It is also that the "guns versus butter" battle is always at the forefront when the defence minister plans and issues his budget. Social schemes are as important as national security, especially for a developing nation. Yet the words of the late president APJ Abdul Kalam bear relevance that national security and national development always go hand in hand. One cannot happen without the other. Butter would have lesser value if the nation remains under threat.

India has in recent times faced increasing Chinese assertiveness and enhanced tensions along its border with Pakistan. Competition with China in Asia and the Indian Ocean region is only likely to increase. Simultaneously, the government has been reaching out to nations in the Indo-Pacific seeking to enhance military to military cooperation. Instability in Pakistan would continue and the military’s control over the state would be complete with the conclusion of elections this year. If India is to cater for immediate threats and meet the aspirations of the government, then it must make up its increasing shortfalls in capacities and capabilities.

The national leadership is aware of the gaps which exist in India’s defence preparedness. The air force is way below its sanctioned strength of squadrons. More aircraft are in the process of being phased out of service due to vintage in the coming years. The existing capacity of the navy preclude it from fulfilling its mission of providing security in the Indian Ocean region as also interacting with world navies. It immediately requires helicopters and fighter aircraft.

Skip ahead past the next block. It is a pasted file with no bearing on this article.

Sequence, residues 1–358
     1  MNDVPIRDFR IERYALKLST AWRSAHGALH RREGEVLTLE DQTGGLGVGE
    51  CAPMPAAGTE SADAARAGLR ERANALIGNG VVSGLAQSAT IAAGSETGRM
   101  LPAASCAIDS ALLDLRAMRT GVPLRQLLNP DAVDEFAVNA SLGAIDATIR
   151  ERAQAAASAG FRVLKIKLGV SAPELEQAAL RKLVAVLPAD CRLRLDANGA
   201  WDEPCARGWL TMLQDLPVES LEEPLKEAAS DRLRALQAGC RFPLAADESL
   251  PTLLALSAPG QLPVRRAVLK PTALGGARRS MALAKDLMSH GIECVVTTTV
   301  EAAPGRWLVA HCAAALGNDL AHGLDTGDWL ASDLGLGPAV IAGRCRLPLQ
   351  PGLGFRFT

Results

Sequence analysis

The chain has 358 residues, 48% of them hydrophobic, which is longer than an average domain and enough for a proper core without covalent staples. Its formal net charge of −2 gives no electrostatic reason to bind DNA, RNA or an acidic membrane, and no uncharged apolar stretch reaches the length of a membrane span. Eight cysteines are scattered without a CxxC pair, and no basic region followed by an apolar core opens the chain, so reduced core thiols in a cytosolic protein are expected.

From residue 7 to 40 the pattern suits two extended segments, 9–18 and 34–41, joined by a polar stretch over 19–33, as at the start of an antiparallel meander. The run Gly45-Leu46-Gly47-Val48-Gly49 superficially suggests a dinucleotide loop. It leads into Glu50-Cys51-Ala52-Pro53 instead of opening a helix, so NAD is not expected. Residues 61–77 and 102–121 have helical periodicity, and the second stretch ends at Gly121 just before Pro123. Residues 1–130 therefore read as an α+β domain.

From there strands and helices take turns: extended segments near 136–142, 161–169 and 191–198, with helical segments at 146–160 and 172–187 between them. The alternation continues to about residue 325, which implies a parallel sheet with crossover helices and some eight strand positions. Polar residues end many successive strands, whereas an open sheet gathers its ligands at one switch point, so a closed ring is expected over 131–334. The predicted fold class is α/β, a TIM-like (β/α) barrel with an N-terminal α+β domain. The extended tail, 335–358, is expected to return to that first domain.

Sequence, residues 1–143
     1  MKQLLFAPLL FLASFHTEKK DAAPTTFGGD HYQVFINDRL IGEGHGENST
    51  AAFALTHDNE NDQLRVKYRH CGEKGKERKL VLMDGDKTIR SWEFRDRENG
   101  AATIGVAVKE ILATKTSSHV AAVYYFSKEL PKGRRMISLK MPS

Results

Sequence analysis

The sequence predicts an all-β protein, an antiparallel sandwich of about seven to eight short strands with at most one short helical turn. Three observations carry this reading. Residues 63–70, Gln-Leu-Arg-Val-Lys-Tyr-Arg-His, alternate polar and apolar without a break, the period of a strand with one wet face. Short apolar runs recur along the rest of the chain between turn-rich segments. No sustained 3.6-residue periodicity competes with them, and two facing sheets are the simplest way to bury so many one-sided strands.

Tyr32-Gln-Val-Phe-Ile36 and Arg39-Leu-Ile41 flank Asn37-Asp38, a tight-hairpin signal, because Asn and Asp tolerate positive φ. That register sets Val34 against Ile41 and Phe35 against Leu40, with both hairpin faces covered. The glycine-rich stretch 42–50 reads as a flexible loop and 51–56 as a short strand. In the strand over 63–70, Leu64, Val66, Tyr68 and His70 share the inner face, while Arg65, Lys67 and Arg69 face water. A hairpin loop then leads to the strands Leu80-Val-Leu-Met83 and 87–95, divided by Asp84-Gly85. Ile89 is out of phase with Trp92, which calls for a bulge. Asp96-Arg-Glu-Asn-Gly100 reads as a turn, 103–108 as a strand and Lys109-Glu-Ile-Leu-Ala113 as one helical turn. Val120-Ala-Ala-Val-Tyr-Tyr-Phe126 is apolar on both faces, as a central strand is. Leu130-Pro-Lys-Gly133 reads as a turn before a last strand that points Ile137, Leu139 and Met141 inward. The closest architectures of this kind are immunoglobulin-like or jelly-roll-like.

The Army lacks even the basic assault rifles, bullet proof jackets and long-range artillery. If it must maintain a credible domination over Pakistan, then its armoured fleets also require an overhaul. The Army in general desperately needs modernisation and upgradation. With this Budget the defence ministry has very limited money for procurements.

The government has been keen on promoting, "Make in India", which despite multiple amendments to policy has failed to take off. If the intention of setting up two defence industrial production corridors, as announced by the finance minister, is a step in this direction, then it may further delay defence modernisation, as establishment of policies, selection of vendors and setting up facilities would take immense time.

In a final analysis, it is surprising that Arun Jaitley, who has been the defence minister twice during the term of this government, hence aware of the critical shortfalls has failed to address core issues. The nation needs a strong and robust military for ensuring national security and warding off threats. The stronger the military, the less would nations seek to tamper with the nation.

If it is the man behind the gun which counts, then he must have a gun, not a spear as he possesses today.

Also read: Union Budget 2018: Is the middle class the biggest loser?

 

Writer

Harsha Kakar Harsha Kakar @kakar_harsha

The writer is a retired Major-General of the Indian Army and author of the book, Harsha Kakar writes.

Like DailyO Facebook page to know what's trending.